Strengthening Medicare Advantage can improve the quality and cost of care


Concerns about rising health care costs and the imminent financial collapse of the Medicare program continue, increasing pressure on policymakers to curb health care spending and preserve Medicare for future generations. One policy change could keep the program alive and move the health system and the way we pay for health services in a more sustainable direction. And unlike most health insurance reforms, this one is surprisingly simple.

About 64 million Americans are covered by Medicare, a public health insurance program for older and young people with disabilities. For about half of these, so-called traditional Medicare subscribers, the government uses a “service fee” payment system. In this system, the Centers for Medicare and Medicaid Services (CMS) pay a doctor individual fees for his over 10,000 individual services, each assigned a specific code. It forms the basis of the Annual Medicare Physician Fee Schedule (MPFS).

For the past 30 years, these reimbursement rates have been determined primarily by the recommendations of the Specialty Society Relative Value Scale Update Committee (RUC), a small committee of physicians appointed by the American Medical Association.

This system has multiple problems.

First, there is a clear conflict of interest. Physicians have an incentive not to recommend rate cuts because they can influence how much they pay for services provided by CMS (CMS has traditionally accepted most of the RUC’s recommendations). However, MPFS should be budget-neutral, so an increase in fees for some services should be offset by a decrease in fees for other services. Over the past decades, recommendations from specialist-dominated RUCs have understandably downgraded the relative valuation of essential primary care services.

More importantly, reimbursement rates are based solely on estimates of the cost of providing the service and therefore do not necessarily reflect the actual value of the service to the patient. This results in incentives to provide more expensive services such as testing and procedures, and discourages providing lower-priced services such as assessments and coordination of care, even when they are more beneficial.

Given that most private insurers base their rates on the MPFS, this inflationary situation increases costs not only for Medicare, but for the health care system as a whole. If you continue to rely on fee-for-service systems and controlled pricing, you will never be able to cut your spending or enjoy better value for your healthcare costs. Of course, we could continue with decades of unsuccessful reward reform efforts and hope for a different outcome, but this is not a solution, but a much closer approach to a true value-based system. I can not do it.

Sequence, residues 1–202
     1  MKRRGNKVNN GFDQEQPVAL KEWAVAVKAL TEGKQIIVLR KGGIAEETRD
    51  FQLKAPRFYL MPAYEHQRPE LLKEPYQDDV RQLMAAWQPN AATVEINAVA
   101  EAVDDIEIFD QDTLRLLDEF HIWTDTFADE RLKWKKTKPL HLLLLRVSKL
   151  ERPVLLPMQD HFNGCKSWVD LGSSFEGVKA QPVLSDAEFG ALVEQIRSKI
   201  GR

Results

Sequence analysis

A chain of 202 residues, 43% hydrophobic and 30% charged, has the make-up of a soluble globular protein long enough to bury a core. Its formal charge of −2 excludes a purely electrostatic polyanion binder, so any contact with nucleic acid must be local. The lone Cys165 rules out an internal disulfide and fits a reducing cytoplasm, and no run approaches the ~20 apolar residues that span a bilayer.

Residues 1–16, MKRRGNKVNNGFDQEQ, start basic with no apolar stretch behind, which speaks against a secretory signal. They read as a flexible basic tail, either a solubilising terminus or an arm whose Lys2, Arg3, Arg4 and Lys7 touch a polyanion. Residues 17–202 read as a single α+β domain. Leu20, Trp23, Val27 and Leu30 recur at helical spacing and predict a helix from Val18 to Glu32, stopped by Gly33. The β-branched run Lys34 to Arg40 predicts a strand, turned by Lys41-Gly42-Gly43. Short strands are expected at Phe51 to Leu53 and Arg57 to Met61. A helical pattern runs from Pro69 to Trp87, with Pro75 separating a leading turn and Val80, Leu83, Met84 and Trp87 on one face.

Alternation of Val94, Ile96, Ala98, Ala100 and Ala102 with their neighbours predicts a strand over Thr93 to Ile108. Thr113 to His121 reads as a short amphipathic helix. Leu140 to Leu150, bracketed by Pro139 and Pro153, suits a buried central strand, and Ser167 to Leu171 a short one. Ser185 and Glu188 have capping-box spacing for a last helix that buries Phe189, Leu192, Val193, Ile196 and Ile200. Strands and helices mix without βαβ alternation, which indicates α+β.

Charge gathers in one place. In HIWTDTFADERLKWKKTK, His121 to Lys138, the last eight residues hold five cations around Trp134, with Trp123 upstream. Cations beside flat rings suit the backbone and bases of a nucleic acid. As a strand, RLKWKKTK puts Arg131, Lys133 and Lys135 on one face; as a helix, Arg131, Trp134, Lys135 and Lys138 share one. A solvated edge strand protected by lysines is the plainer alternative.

Fortunately, there is another way to pay for health care that is already popular as part of the Medicare program. In Medicare Advantage (Medicare Part C), private health insurers compete by submitting bids to CMS based on an evaluation of the cost of providing hospital and physician services included in traditional Medicare. Most of these plans also offer additional benefits such as prescription drug coverage, vision and dental services, and even fitness benefits at no additional cost to beneficiaries. If the bid is accepted, instead of the government paying for individual services, private insurers will receive a fixed annual fee to cover the services included in the plan and no more.

When the private plan is inefficient and spends more than it bids for, the burden falls on the private plan, not Medicare or the taxpayer. This motivates us to provide high-value care at an affordable price. In fact, Medicare Advantage outperforms traditional Medicare on many quality measures, especially those related to preventive care and unnecessary hospitalizations.

It’s no surprise that Medicare Advantage has grown in popularity among Medicare beneficiaries over the past decade, and half of all Medicare beneficiaries are projected to include Medicare Advantage by 2025. However, new enrollees are enrolled in traditional Medicare by default unless they choose the Medicare Advantage Her plan. Making Medicare Advantage the default enrollment option would accelerate the move away from inflationary service fee payment systems.

To cut unnecessary spending and keep Medicare into the future, the healthcare payment system needs to focus on what works. Healthy competition provides incentives for high-value care, and the federal government must be freed from its role in pricing thousands of services. Making Medicare Advantage the default enrollment option for new beneficiaries can accelerate these changes.

John O’Shea He is a surgeon and Senior Fellow in Health Policy at the Texas Public Policy Foundation. Kofi Amperben Senior Research Fellow and Data Scientist at the Mercatas Center at George Mason University. They (with Elise Amez-Droz) new research“Medicare Physician Rates: An Overview, Implications for Healthcare Spending, and Policy Options for Modifying the Current Payment System.”

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